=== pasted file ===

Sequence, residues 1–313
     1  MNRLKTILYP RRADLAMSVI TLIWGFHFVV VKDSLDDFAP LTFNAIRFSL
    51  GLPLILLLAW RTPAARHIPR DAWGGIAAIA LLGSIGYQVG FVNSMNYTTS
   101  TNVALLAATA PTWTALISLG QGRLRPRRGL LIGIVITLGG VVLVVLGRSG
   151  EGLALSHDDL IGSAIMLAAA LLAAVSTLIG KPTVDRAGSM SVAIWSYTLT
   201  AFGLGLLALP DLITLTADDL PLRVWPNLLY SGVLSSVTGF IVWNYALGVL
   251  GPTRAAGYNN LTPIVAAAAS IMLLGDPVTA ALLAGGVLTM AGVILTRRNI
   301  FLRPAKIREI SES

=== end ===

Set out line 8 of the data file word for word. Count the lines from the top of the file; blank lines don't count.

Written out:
   301  FLRPAKIREI SES